IDC research sponsored by talent management software provider Cornerstone OnDemand looked into the new world of work and the perceptions and expectations of HR leaders and business managers across 16 European countries regarding employee management and development.
According to of Recruitment Buzz, the findings not only reveal differing attitudes regarding flexible working practices and a shift in performance management and collaboration strategies, but they also indicate conflicting views of HR priorities and processes among the two groups surveyed.
For the study, which is unique in its size, geographical coverage and target group, IDC interviewed 1,352 HR professionals and business managers across 16 European countries working in organisations with more than 500 employees. The survey was conducted between January and February 2016 with respondents from the UK, Germany, France, Spain, Italy, Sweden, Denmark, Finland, Iceland, Norway, the Netherlands, Poland, Austria, Switzerland, Luxemburg and Belgium.
The UK, Germany, Switzerland and Poland lag behind in flexibility stakes
The report demonstrates the value of flexible working by showing a positive correlation between employee happiness and the adoption of flexible working practices. Yet, the research also reveals that flexible working practices have been taken up at different speeds across Europe, where the lowest flexible working maturity appears to be clustered in Central and Eastern Europe, as well as the UK. Among the respondents from Poland, less than 50 percent of those surveyed were allowed to work from home, while the figure for the Nordic countries was 87 percent.
Business managers and HR respondents stated a low level of flexible working adoption in Poland, the UK, Switzerland and Germany – surprising, given the competitive labour market in these regions. The Nordics, Spain, Benelux and Austria were perceived to be the most mature when it came to flexible working options.
Additionally, HR respondents indicated a higher level of flexible working than line managers. HR’s responses were between 5-6 percentage points higher than line managers, highlighting a lack of alignment between the two groups.
The situation with evaluation and collaboration
According to the study, annual and semi-annual employee performance reviews are still carried out by two-thirds of European organisations. Nevertheless, regular or continuous review practices are appearing to become more popular for employee development (45 percent) and performance (28 percent).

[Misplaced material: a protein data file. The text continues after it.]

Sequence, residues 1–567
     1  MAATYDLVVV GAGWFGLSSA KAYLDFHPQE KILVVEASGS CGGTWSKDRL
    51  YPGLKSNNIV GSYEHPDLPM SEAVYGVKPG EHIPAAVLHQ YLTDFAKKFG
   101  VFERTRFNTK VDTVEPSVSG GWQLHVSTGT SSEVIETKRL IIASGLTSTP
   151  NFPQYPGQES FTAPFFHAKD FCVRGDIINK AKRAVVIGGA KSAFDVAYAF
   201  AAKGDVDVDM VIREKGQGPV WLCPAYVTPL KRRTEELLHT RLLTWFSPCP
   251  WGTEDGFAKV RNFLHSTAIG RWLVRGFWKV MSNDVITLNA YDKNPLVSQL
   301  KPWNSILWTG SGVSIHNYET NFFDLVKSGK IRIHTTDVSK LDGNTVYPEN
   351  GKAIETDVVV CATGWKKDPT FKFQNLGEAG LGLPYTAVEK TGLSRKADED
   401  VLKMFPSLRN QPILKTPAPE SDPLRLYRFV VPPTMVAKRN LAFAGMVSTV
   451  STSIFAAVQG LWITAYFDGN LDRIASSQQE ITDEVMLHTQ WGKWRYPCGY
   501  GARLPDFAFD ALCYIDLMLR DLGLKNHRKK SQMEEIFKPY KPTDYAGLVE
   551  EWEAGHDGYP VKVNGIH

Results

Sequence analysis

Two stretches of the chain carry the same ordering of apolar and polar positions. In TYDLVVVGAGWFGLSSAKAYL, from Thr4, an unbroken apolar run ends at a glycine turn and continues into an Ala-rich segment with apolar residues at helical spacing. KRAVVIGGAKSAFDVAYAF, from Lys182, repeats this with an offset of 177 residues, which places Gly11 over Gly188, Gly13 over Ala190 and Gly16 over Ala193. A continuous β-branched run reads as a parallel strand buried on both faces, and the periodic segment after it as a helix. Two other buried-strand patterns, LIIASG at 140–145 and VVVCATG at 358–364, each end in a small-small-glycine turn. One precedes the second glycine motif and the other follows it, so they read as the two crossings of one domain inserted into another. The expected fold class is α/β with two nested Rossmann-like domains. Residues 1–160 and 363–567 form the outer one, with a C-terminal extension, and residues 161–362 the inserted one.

European companies also seem to be embracing collaboration, with a majority of respondents agreeing that employees are good at collaborating (78 percent) and taking on new responsibilities (75 percent). However, work needs to be done to facilitate collaboration, as line managers appear to be less supportive (65 percent) of team members applying for positions outside of their own departments than what HR believes (83 percent). Furthermore, less than half (47 percent) of respondents agree to having a collaborative learning system. However, the research shows that companies with higher growth rates have a higher percentage of collaborative practices.
The disconnect between HR and line managers
The research also indicates that HR overrates its level of support of line managers and also underrates frustration with HR processes. Specifically, HR underestimates the level of frustration with HR processes among line managers, where more than 41 percent of the line managers surveyed agreed that they see it as a major frustration. From the HR professional perspective, that proportion was only 32 percent.
Additionally, there is a lack of consensus regarding how the success of HR initiatives are measured, with HR placing more value on new hire retention, whilst line managers favoured employee time-to-competency.
Comments on the News
“The breadth of the survey, as well as the group surveyed, gives us unique insight into people progression in the changing world of work,”
said Vincent Belliveau, executive vice president and general manager of Europe, Middle East and Africa (EMEA), Cornerstone OnDemand.
“Better alignment between HR and line managers is required in order for HR to fully redefine its role as a strategic partner within the organisation. HR must adapt to navigate this fast-changing environment – with flexible working on the rise – whilst managing pressure from employees who have different expectations of their employer. Those who succeed will be those who empower their people to support the business through change and growth.”
“This massive survey revealed many interesting discoveries for us. For example, we found how important flexible working practices and the IT tools to support it are for loyalty and pride of talented employees and managers. IT for mobile and remote working, ability to use personal devices at work, and IT training were critical influencers in this respect. However, ‘freedom factors,’ such as permission to work remotely and ability to apply for new positions outside one’s own department, also had critical impact on employee happiness. We conclude that European organizations have work to do both in terms of technology investments as well as more flexible work cultures,”